Looking at what the Angels have in-house, Garrett Richards looks every bit the part of a budding ace, and Heaney has undoubtedly earned himself a long look in 2016 with a terrific rookie season. There’s little certainty beyond that duo, though, as even the names that comprised the 2015 rotation come with question marks. Matt Shoemaker was a brilliant rookie in 2014 but a wildly inconsistent sophomore whose end-of-year numbers from 2015 look like back-of-the-rotation production, at best. Weaver’s fastball velocity dipped to the low 80s, and he was hit hard and hit often in 2015. Wilson underwent season-ending elbow surgery in August. Santiago was excellent, but he hasn’t shown consistency in the Majors, as evidenced by losing his rotation spot with Anaheim as recently as 2014.
With that in mind, the Angels seem like logical players for free-agent help on the pitching market. Mid-level arms that could be had without significantly escalating the risk of crossing the luxury tax barrier include Wei-Yin Chen, Marco Estrada, Yovani Gallardo and Ian Kennedy, to name a few. As MLBTR’s Tim Dierkes pointed out to me recently, Eppler has somewhat of a connection to Kennedy, having been in the Yankees front office while Kennedy was drafted and rose through the farm system.
A run at high-profile names — David Price, Zack Greinke, etc. — probably shouldn’t be entirely written off, although another $20MM+ AAV contract would bring the Halos significantly closer to the luxury tax threshold. It’s possible that the club could free up some room by moving Wilson, who apparently caused some frustration among his teammates when he opted to undergo his season-ending procedure. Moving Wilson’s $15.5MM annual salary wouldn’t offset a $30MM-per-year price tag on Price or the similarly lofty AAVs that other top-tier free agents will command, but it makes the blow easier for the Angels to absorb while leaving room to pursue other needs.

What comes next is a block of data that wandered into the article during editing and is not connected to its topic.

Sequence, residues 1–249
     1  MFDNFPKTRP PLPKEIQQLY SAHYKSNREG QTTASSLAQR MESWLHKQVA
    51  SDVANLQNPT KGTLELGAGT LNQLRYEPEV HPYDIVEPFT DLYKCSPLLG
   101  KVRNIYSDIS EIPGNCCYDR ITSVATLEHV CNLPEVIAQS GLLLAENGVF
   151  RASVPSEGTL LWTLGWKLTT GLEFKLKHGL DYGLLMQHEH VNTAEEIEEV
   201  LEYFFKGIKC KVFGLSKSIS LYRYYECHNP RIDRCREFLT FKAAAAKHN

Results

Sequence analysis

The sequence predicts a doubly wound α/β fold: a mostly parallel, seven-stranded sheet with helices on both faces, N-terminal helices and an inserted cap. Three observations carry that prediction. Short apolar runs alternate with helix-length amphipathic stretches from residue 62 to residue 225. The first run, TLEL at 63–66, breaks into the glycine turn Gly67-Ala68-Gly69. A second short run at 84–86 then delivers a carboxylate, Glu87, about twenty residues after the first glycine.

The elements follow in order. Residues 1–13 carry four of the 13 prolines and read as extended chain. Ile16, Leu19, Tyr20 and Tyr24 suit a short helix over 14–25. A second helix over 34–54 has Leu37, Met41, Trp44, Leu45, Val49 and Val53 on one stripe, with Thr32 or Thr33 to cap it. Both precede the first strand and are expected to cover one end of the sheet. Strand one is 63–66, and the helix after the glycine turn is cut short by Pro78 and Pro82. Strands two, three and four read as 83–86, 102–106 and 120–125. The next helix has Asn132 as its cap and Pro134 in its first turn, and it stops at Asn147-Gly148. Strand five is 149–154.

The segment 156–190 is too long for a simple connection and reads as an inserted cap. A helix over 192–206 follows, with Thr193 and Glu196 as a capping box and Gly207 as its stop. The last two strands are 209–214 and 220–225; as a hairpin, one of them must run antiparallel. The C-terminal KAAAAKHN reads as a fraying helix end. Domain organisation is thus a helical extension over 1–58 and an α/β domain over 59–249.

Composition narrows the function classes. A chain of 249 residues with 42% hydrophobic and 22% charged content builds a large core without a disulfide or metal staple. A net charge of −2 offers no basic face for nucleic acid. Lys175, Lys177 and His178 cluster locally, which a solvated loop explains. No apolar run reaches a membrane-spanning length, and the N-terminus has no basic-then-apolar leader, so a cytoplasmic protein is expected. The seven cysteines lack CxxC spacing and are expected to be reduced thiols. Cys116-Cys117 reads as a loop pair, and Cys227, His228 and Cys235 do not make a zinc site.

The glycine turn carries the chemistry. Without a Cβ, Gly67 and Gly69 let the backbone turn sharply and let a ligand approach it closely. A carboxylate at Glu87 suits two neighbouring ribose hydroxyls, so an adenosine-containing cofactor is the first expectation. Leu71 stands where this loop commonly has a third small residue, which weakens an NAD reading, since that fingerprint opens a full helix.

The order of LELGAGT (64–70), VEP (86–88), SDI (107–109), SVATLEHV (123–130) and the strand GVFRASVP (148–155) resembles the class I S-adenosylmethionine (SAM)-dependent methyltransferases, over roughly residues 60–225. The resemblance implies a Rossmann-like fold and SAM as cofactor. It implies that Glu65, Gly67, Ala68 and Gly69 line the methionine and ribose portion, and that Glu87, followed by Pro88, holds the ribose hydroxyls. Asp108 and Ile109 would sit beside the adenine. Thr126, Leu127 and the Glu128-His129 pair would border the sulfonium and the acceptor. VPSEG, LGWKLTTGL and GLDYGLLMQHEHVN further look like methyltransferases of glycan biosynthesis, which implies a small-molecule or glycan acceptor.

Turning to the ’pen, the Angels are in pretty good shape. Huston Street will return as the club’s closer after inking a two-year extension earlier this year. Joe Smith has been excellent in the first two seasons of a three-year deal, and he’ll be joined in the setup crew by righties Trevor Gott and Fernando Salas. Mike Morin figures to earn another chance as well. Though he slumped badly after a strong rookie showing in 2014, Morin’s strand rate (44.4%) was far and away the lowest in baseball of any pitcher with 30+ innings. That number screams “fluke,” and as such isn’t likely to be repeated. Morin’s 10.4 K/9, 2.3 BB/9 and 21.2 percent K%-BB% indicate better days ahead. Left-handed options include Cesar Ramos and Jose Alvarez, each of whom had strong seasons. Depth additions seem more likely than major adds, especially considering the fact that righty Cam Bedrosian, who dominated Triple-A but struggled in the Majors, figures to earn another shot at some point in 2016.